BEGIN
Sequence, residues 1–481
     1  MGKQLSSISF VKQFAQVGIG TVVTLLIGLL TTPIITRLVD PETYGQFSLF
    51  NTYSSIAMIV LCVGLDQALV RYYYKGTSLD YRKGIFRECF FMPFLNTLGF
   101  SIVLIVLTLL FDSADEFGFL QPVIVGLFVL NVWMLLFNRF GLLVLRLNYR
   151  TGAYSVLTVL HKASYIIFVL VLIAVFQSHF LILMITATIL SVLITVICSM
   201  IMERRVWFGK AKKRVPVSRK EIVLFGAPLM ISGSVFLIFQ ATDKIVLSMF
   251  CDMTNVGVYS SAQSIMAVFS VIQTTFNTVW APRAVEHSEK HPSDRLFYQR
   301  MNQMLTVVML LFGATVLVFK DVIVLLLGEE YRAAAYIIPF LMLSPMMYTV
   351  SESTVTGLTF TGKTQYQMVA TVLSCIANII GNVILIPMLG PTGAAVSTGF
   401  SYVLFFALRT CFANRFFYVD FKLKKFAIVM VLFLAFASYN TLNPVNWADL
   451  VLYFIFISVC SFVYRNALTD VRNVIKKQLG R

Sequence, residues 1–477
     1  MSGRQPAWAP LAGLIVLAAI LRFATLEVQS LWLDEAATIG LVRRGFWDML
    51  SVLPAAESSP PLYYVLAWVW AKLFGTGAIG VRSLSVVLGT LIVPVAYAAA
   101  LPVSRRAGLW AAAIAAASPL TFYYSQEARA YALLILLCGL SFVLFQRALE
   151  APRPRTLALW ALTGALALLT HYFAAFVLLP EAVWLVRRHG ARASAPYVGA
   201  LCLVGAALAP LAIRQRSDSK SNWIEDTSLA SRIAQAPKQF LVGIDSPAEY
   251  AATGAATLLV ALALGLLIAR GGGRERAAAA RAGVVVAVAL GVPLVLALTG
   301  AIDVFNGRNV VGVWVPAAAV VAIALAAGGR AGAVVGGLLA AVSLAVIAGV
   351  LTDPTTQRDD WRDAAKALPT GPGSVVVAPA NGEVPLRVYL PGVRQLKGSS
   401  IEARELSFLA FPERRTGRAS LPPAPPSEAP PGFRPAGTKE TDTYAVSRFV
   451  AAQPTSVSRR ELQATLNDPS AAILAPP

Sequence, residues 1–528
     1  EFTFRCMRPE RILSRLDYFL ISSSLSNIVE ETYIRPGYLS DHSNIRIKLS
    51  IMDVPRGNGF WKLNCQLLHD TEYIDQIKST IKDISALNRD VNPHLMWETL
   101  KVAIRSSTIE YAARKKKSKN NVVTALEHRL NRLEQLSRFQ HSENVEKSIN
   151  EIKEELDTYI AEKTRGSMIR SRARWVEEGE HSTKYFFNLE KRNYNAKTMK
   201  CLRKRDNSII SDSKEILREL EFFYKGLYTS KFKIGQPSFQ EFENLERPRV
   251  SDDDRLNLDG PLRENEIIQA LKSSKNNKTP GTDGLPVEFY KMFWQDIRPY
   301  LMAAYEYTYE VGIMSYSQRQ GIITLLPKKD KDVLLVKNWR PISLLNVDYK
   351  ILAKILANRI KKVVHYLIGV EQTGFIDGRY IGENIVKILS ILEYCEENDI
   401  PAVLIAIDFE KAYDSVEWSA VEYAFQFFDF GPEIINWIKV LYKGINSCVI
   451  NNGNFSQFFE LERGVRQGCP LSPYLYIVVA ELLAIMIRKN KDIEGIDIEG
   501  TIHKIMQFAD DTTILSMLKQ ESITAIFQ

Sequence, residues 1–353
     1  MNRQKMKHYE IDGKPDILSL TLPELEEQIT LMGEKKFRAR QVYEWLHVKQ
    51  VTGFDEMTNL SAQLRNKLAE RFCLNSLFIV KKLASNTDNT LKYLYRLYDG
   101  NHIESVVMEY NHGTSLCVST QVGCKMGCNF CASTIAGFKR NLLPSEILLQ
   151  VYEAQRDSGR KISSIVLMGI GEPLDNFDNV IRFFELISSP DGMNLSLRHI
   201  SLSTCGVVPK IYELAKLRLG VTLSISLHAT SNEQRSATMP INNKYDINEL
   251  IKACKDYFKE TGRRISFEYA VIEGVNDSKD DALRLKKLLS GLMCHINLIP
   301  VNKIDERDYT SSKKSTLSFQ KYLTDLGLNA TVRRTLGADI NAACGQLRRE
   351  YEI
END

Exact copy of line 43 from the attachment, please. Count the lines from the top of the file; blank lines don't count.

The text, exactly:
   351  YEI